Caddisflies are an order (Trichoptera) of insects with approximately 12,000 described species. They can be described as small, moth-like insects with two pairs of hair and membranous wings. One of the most interesting features of the caddisfly is the decorative and very beautiful protective shells that they build while in the larval stage. I suggest you admire the amazing jewelry shells created by the caddis.
Caddisfly larvae are aquatic and can be found in a variety of habitats such as streams, rivers, lakes, ponds, and even temporary puddles. The larvae gather any material they come across to form their protective carapace, binding the various materials together with silk they secrete from their salivary glands near their mouths.
Some varieties of caddis flies tend to use different materials for their protective carapace. The artists experimented by growing their own caddisfly and supplying it with unique building materials like gold and pearls to create decorative protective shells. These shells were preserved as art after the caddisfly underwent metamorphosis. In this collection you will find a gallery of unique shells, as well as several examples of jewelry created by the caddis.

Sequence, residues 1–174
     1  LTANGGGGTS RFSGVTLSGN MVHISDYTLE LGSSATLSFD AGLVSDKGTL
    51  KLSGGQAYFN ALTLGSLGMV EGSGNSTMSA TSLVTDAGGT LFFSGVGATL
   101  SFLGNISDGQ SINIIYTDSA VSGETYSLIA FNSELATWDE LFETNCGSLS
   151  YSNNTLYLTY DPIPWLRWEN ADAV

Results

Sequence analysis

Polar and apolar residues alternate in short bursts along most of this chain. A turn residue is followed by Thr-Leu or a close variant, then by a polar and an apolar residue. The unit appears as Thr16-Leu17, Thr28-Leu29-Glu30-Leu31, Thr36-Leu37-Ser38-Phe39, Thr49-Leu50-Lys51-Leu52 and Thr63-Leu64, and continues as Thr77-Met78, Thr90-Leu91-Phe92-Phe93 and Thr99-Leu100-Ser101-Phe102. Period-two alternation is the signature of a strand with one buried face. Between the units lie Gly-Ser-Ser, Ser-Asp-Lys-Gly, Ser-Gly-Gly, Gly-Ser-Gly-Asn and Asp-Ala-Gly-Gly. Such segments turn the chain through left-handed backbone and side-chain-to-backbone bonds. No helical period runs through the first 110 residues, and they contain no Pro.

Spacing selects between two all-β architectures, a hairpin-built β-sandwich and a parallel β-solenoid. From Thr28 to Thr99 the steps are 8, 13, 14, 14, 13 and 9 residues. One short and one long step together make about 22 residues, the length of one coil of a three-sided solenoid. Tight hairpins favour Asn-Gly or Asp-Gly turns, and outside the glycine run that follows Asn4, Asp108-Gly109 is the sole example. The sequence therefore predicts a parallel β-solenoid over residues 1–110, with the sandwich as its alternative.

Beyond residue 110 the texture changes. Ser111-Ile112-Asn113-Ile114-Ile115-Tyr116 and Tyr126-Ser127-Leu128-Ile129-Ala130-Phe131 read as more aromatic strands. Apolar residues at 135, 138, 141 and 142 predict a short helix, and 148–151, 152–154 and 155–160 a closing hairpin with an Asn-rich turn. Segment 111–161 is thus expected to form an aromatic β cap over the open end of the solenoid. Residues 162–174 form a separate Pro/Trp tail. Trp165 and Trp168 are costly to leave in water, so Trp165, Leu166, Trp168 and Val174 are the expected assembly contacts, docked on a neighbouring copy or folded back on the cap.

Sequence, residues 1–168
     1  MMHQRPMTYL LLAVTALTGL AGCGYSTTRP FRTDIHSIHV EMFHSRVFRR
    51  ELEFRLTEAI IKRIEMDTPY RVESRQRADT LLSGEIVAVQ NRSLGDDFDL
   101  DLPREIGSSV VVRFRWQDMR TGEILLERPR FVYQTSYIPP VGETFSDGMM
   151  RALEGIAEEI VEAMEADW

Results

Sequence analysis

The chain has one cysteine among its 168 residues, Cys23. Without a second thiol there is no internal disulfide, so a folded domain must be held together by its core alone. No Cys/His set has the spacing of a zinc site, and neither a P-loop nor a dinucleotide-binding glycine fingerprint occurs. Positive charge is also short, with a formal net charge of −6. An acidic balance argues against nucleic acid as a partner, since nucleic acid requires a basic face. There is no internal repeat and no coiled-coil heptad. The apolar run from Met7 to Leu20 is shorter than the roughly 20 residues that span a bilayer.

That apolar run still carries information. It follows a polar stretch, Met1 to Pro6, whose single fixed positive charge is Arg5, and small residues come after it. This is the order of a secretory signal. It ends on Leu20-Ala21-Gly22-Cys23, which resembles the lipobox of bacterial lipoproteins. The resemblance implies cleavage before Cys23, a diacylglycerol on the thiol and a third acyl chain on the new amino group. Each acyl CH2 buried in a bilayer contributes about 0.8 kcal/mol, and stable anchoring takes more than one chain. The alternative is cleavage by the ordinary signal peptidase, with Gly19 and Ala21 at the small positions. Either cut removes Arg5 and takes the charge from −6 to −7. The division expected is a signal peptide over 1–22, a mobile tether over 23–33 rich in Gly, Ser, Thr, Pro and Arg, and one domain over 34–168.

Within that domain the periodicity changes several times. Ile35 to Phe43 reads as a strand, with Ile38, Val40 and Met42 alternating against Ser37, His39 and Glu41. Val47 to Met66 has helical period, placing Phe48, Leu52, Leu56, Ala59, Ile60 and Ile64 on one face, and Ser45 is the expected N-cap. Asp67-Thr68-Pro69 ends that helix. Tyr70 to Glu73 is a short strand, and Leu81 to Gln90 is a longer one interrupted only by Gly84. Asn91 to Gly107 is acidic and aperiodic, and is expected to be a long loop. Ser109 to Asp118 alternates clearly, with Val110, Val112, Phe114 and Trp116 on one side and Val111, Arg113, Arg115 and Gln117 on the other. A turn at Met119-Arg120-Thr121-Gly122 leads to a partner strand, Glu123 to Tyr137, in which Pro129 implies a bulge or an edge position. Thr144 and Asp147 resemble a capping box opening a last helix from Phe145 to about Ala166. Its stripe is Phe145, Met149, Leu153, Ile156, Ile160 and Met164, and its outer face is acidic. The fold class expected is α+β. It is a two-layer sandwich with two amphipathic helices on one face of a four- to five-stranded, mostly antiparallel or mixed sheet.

Since the early 1980s, French artist Hubert Duprat has been using insects to build some of his sculptures. By removing caddis larvae from their natural habitat and supplying them with precious materials such as beads, pearls and gold in his own aquarium, Hubert encourages them to produce jewelry that resembles the creations of goldsmiths.